Douglas Brinkley’s book, The Wilderness Warrior: Theodore Roosevelt and the Crusade for America, is outstanding.
In addition to its value as a unified catalog of TR’s accomplishments in the realm of what we now call sustainability, Wilderness Warrior includes some valuable leadership lessons:
—TR’s remarkable presidential record in this arena was the result, to a notable extent, of his own force of will. There was not a public clamor for his actions. Though he was supported in various ways by various groups and individuals, the opposition was generally more intense, better positioned.
Today, there is much focus on the use of a widely recognized crisis as a driver for leadership in all settings. TR accomplished immense change without such a crisis situation–and did so without misleading or inflaming the public, thereby rendering his achievements more durable.
—TR did not hesitate to expand the notions of the possible, including what was possible in the presidential office. Do you remember the presidents between Lincoln and TR? Not likely, not for much… the office was viewed as a near nullity. TR, understanding history, recognized that recent experience was far too limited a guide to his leadership and management options.
He also did not await the unlikely possibility of the presidency to take all kinds of action in support of his cause. Throughout his career, he made progress where he could. When he did become president, this constituted extraordinary preparation.
—TR was able to incorporate these issues into myriad of challenges coming to him in the presidency. A reader new to Roosevelt might well think this was the sole or primary focus of his presidency. It most assuredly was not. A leader must work from the circumstances before him or her. TR thought his legacy in the environment was important—but he was trusting to future generations to recognize it at least as much as his contemporaries. He anticipated the successful undertaking and completion of the Panama Canal project as likely to be his administration’s greatest historical achievement. Today at least, that’s not how it’s turned out.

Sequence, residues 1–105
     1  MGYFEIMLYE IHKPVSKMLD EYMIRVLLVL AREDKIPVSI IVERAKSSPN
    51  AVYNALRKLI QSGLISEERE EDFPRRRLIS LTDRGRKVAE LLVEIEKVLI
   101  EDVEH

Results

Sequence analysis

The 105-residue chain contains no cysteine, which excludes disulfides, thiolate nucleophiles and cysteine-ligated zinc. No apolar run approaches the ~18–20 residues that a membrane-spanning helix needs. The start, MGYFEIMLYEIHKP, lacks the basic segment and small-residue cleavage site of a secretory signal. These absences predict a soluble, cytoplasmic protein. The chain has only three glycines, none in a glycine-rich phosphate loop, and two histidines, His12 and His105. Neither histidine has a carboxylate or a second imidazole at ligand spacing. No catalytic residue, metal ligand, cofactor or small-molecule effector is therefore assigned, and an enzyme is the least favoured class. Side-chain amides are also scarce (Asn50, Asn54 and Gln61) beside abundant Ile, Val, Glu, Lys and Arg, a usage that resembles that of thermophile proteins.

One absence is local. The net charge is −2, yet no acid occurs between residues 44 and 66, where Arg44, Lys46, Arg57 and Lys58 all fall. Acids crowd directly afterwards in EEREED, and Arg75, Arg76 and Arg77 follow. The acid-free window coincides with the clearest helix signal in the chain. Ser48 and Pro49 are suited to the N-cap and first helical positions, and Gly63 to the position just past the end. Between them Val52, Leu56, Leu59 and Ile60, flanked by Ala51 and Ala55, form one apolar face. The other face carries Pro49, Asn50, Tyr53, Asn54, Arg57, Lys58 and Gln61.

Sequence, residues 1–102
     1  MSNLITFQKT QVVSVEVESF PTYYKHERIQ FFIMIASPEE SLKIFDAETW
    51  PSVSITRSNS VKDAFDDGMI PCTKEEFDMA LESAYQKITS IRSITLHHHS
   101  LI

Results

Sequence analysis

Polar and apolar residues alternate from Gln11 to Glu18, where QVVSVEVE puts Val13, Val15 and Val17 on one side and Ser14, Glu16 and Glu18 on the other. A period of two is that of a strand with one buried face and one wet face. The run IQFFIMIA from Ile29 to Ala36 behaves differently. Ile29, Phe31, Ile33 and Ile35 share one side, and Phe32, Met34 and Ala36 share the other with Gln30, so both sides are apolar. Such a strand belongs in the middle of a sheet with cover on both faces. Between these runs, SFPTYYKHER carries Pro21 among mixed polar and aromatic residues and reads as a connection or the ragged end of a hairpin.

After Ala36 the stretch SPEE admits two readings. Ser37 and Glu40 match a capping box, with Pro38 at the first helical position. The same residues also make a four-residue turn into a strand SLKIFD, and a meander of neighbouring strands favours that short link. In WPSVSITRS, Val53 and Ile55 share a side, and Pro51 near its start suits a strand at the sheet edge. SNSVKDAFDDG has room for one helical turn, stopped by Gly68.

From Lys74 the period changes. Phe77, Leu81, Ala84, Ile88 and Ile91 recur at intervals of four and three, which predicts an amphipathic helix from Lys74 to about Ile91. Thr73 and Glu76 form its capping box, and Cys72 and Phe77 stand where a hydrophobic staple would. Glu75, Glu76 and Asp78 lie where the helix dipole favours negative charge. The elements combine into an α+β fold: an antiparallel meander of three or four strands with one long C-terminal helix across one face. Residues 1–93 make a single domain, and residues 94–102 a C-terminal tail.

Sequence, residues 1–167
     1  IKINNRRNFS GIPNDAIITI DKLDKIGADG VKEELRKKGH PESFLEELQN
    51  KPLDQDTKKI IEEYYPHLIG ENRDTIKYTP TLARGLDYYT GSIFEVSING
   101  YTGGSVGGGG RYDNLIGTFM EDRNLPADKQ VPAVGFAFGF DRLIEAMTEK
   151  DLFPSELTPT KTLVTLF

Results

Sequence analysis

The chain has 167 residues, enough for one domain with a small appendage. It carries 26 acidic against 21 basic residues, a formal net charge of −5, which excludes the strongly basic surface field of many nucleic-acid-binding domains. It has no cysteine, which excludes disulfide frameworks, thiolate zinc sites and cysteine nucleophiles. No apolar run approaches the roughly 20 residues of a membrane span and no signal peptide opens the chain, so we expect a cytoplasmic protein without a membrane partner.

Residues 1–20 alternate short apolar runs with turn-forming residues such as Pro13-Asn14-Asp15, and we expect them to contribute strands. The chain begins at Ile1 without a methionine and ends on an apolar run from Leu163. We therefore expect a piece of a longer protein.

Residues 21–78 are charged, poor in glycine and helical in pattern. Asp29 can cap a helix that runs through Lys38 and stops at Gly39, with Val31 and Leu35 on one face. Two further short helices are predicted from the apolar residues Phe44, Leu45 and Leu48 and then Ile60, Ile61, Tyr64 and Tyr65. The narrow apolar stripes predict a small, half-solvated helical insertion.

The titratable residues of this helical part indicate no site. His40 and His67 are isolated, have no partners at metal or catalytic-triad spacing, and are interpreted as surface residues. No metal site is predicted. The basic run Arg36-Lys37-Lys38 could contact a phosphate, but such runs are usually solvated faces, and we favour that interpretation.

—TR was a master networker, to use today’s terms. He brought all manner of people together, and was able to work effectively with many whom he disagreed with on various issues. His inner circle was extraordinary.
—TR was a talent scout nonpareil. Acolytes, such as the erratic and valuable Gifford Pinchot, were nurtured and developed.
—TR was able to constantly re-frame issues in service of his goals. Both sides of the modern environment-energy debate can find parts of his legacy to attach themselves to. As Ike used to say in other contexts, that “didn’t just happen.”
—TR was constantly focused on future generations. His depth as a historian—can anyone imagine any recent president of the United States also serving as the president of the American Historical Association?—afforded him a powerful future perspective to frame, comprehend, and act upon present circumstances.
All in all, quite a legacy. Thank you, TR—and thanks to Douglas Brinkley for recounting it in a way of which TR would surely be, as he was wont to say, dee-lighted!!
Douglas Brinkley | Wilderness Warrior: Theodore Roosevelt